As I know most readers of this blog know, taken as a whole, the ECOA and Regulation B prohibit lending policies and practices which have the purpose or effect of discriminating against individuals on the basis of race, sex and other characteristics.  This is why an individual denied credit is entitled to a written explanation of the reasons for the denial.  Everything I just said is settled law.  In recent years, however, there has been an increase in litigation across the country seeking to sue lenders for actions taken after a loan has been approved. 

For example, in Tewinkle v. Capital One, N.A., 2019 WL 8918731 (W.D.N.Y., 2019), a Western New York resident, sued Capital One after it discontinued his line of credit.  Although he received notice of the closure as specified in his account agreement, he did not receive an explanation as to why the line was shut down.  Many financial institutions have taken similar steps in recent years, particularly following the Great Recession and Mortgage Meltdown.  The district court sided with the bank.  Similar cases are now being appealed.

Enter the CFPB.  In its advisory opinion, the Bureau stated the Tewinkle court as well as others that have reached similar conclusions have got it all wrong.  The Bureau argues as a matter of statutory history and (implicitly) the deference due to regulators interpreting ambiguous statutes that consumers like Mr. Tewinkle should receive full disclosures under Regulation B.  To be fair, other courts have agreed with the Bureau’s analysis, which means this is going to be a hotly debated issue in the federal courts, that could ultimately be decided by the Supremes.

This is an area where it is extremely important that people understand precisely what is being debated.  With or without the ECOA, lenders cannot discriminate against individuals at any point in the lending process.  For example, if a lending institution reduced credit just to African-American consumers, this would be a blatant violation of both state and federal law. 

In addition, as pointed out in Tewinkle the ECOA would have applied in this case had our disgruntled homeowner Tewinkle sought reconsideration or applied for renewal of the line of credit.  At this point, he would have been seeking new credit and been entitled to an explanation if he did not receive it;  but that is not what happened in this case. Capital One followed the terms of its account agreement in closing down a line of credit, something it and other lenders should be allowed to do in a fair, efficient manner.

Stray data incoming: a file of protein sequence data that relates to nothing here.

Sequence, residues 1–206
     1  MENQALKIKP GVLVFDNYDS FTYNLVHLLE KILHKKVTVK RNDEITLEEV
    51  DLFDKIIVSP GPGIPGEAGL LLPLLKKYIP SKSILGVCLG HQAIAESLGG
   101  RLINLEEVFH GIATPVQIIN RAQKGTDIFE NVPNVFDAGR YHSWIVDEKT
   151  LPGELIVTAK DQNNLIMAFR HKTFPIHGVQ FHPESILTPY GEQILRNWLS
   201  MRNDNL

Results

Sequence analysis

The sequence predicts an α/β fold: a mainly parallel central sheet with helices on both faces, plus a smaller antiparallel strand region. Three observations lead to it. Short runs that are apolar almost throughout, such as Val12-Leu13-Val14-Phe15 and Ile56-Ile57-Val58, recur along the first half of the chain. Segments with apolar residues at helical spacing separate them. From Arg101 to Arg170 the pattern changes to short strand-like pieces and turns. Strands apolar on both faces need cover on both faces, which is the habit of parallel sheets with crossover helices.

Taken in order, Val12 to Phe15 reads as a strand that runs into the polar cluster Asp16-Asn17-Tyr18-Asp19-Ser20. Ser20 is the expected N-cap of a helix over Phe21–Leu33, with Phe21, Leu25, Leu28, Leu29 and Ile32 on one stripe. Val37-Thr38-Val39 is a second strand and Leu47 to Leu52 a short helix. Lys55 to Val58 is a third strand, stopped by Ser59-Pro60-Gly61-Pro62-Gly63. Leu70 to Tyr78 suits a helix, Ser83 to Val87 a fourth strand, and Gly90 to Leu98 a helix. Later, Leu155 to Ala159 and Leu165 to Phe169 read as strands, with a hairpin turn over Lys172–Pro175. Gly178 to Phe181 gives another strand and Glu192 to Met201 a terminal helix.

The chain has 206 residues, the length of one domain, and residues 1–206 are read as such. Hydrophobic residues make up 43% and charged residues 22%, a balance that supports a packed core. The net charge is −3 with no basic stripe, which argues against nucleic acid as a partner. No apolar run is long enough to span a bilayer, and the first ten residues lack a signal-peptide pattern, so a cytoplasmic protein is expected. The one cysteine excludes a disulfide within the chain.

Stay tuned. This is a debate which is far from over. By the way, I hope to see some of you at tonight’s Southern Tier Chapter event at McGirk’s Irish Pub in Binghamton.

May 11, 2022 at 9:45 am Leave a comment

Required Reading for the Compliance Geek

Yours truly is always a little ambivalent when someone gives me a reading suggestion; on the one hand, I love a good recommendation, on the other, there’s an implicit pressure that comes with the suggestion lest you have to sheepishly explain why you haven’t gotten to the book the next time you run into the recommender.  
So, with apologies to those of you who already have a list of compliance material piling up in your virtual in-box, there are two recent publications that all good compliance people should take the time to peruse. 

Most importantly, the CFPB released its Quarterly Compendium Of Supervisory Highlights which it uses to put financial institutions on notice as to its areas of regulatory emphasis in the coming months.  The Spring issue includes many topics with which I have seen credit unions grapple in the past, including mandatory re-evaluation of increased credit card interest rates under the Credit Card Accountability Responsibility and Disclosure Act of 2009 (Credit CARD Act) and continued concerns about the reporting practices of financial institutions under the Fair Credit Reporting Act.  But the issue that the CFPB decided to highlight that I think credit unions would be well advised to look at most closely has to do with GAP car insurance and the refund of excess payments.  This has already been the subject of lawsuits and if the issue is highlighted by the CFPB you can bet it’s one that class action lawyers will continue to scrutinize.